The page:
WASHINGTON – Some 17.6 million U.S. households had trouble feeding their family members at times last year as “food insecurity” remained at near-record levels for the fifth straight year, according to a government report released Wednesday.
More than one-third of those households – 7 million – suffered from “very low food security,” in which usual eating patterns were disrupted and consumption was reduced because of a lack of money and access to food.
In all, 49 million Americans didn’t know where their next meals would come from at some point in 2012, the U.S. Department of Agriculture reported.
While the numbers show a slight improvement over 2011, the differences weren’t statistically significant, the report found. The level of food hardship in the U.S. remained high last year in the aftermath of the recession, in which more than 8 million Americans lost their jobs.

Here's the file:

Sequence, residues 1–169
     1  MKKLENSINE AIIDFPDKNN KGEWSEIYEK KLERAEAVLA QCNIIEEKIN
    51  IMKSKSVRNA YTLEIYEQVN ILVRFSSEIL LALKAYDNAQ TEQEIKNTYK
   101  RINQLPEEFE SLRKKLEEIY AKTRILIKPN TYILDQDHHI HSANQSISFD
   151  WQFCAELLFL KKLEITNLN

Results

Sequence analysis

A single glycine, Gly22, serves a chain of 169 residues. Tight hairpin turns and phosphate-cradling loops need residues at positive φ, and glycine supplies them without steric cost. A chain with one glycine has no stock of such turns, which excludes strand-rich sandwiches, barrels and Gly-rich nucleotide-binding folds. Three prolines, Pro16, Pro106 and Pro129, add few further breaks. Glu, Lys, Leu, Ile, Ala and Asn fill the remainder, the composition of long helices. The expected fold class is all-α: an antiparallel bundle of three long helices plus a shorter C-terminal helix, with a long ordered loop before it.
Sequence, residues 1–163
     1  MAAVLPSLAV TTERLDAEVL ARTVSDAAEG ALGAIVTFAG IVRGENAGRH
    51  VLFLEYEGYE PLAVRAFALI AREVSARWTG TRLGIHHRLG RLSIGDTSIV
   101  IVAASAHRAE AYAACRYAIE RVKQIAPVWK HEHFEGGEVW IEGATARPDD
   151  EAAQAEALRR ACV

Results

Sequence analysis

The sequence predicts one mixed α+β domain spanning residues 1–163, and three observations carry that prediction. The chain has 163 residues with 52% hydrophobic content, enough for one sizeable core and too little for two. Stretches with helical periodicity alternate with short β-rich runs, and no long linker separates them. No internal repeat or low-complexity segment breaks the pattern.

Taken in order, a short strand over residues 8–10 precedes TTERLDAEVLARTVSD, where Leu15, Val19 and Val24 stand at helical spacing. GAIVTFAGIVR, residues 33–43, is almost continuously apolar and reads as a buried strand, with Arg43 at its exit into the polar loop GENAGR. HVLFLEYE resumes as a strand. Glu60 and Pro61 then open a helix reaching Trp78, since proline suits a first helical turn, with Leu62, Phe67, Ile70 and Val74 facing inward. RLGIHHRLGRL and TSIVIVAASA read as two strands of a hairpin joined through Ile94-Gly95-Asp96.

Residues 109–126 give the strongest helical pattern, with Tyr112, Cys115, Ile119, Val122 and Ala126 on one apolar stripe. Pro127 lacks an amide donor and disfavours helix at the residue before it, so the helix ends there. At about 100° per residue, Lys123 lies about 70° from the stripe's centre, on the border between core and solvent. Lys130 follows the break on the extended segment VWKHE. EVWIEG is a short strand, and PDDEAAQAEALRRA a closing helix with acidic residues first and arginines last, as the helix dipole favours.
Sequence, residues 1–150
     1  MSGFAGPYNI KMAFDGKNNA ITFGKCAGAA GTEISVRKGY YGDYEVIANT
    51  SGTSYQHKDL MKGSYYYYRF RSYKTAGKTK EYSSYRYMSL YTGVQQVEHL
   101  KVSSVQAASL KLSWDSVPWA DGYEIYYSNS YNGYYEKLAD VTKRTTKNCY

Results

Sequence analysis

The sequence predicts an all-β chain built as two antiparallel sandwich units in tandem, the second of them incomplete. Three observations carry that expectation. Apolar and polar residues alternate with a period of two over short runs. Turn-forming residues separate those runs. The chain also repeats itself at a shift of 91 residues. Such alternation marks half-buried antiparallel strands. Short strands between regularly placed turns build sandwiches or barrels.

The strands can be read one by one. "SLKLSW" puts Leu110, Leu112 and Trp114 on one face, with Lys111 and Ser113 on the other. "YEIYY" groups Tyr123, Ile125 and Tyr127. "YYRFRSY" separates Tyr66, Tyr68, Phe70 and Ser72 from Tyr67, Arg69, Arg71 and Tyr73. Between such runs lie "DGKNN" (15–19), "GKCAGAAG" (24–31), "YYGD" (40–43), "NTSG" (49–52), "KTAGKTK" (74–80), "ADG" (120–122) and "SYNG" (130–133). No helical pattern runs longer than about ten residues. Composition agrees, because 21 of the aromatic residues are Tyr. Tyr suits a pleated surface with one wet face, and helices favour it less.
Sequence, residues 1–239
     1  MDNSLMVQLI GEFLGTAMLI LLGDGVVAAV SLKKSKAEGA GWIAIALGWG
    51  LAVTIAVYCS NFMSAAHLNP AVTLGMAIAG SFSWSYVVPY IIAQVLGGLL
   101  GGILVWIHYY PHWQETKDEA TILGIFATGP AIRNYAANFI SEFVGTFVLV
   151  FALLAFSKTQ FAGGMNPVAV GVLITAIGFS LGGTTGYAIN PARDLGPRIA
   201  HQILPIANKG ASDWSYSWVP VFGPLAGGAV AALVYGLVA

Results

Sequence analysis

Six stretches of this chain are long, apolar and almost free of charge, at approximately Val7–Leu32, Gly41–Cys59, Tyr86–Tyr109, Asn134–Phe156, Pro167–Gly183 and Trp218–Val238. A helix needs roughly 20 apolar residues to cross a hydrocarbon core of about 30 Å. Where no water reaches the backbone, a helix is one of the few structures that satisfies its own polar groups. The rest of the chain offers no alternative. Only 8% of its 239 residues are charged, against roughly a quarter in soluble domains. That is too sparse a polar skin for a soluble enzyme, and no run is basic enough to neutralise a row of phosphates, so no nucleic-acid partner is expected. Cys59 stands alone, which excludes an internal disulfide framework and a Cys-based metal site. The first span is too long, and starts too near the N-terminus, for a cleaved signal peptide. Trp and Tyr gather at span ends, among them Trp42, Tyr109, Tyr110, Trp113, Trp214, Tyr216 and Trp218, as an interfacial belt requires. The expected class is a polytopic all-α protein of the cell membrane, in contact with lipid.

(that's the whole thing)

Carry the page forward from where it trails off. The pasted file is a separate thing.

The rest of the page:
“The fact that 49 million people in this country continue to struggle to put food on the table is unconscionable,” said the Rev. David Beckmann, the president of Bread for the World, a Washington-based anti-hunger organization.
Access to food was most problematic among the poor; female-headed families; families with children; and blacks and Hispanics, according to the annual USDA report, “Household Food Security in the United States in 2012.”
The report showed that 42 percent of food-insecure households – about 7.4 million – received assistance from the federal Supplemental Nutrition Assistance Program, also known as food stamps.
Although the economy is improving, enrollment in the SNAP program continues to hover at the near-record levels reached during the recent recession. As of May, 47.6 million people in 23 million households were receiving food stamps. That’s roughly 1 in 7 Americans.
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